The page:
So we arrive, even before we begin, at a contemporary charge against this piece of divine mail. There is nothing to be gained by hiding this from you. A veritable gaggle of scholars feel that the Greek used in this letter is too elevated for Peter — the vocabulary too rich and uncommon — the engaging rhetorical flow too far above the intellectual capacity of an uneducated first-century fisherman like Peter. Our very own yores shake their heads from side to side as if to say, "I am so sorry to disappoint you, but this letter was written later in time. It comes from the hand of one well acquainted with the literary tools necessary for this kind of ascendant discourse." To support their claim, they appeal to Acts 4 where Peter is referred to as an "uneducated [and] common" man. The effect, of course, is devastating. Our initial excitement over a good mail day begins falling to the ground like a balloon losing the air that once kept it afloat. Well, don't be overly discouraged just yet. There is a great irony in the charge, and like a knife, it cuts both ways.
Now when they saw the boldness of Peter and John, and perceived that they were uneducated, common men, they were astonished. And they recognized that they had been with Jesus. (Acts 4:13)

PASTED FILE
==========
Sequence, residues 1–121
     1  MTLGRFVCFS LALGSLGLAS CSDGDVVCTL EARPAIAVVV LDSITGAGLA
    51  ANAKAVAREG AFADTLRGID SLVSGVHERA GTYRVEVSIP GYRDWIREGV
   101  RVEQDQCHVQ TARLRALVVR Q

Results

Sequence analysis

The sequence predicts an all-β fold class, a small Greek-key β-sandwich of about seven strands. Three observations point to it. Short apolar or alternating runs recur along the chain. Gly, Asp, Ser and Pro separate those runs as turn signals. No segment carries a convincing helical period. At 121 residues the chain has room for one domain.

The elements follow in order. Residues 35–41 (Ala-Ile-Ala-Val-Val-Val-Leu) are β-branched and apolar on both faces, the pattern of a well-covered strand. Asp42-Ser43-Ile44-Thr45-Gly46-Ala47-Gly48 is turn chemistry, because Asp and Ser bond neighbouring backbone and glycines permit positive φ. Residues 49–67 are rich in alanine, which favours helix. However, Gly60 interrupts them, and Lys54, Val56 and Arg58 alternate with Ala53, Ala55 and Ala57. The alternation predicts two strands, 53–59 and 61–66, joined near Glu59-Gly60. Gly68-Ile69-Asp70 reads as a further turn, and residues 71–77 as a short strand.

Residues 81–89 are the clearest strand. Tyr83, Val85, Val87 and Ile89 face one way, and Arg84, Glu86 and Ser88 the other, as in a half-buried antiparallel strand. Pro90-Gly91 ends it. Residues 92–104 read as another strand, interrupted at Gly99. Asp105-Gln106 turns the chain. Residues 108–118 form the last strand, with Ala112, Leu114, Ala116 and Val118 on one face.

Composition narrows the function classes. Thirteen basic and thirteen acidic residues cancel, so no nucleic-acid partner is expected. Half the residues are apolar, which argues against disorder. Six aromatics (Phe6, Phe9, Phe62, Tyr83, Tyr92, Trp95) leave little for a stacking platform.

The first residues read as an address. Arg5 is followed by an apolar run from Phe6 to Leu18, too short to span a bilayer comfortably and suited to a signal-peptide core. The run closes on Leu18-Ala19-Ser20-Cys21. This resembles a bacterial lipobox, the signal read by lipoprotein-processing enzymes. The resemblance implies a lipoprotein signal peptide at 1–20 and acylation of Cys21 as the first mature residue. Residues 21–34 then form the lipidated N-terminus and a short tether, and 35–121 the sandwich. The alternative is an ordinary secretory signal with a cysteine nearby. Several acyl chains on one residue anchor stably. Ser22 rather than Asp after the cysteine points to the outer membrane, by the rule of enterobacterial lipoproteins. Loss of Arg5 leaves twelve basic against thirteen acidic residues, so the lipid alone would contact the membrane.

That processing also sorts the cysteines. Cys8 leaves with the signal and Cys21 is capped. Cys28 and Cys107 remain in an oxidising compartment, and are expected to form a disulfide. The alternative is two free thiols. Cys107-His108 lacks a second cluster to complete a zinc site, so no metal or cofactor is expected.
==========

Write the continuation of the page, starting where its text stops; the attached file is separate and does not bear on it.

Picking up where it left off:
The charge that Peter and John were "uneducated, common men" can certainly be perceived as a derogatory one. Yet, and this is important, these words were not used by the biblical scholars of Peter's day to level a negative verdict on whether or not the man standing before them was actually Peter the Apostle. Rather, these precise terms were the only ones available to adequately express their astonished surprise at the superior ability and elevated style of this man, Peter. In other words, these men were amazed that one so ordinary could also be one so well-spoken.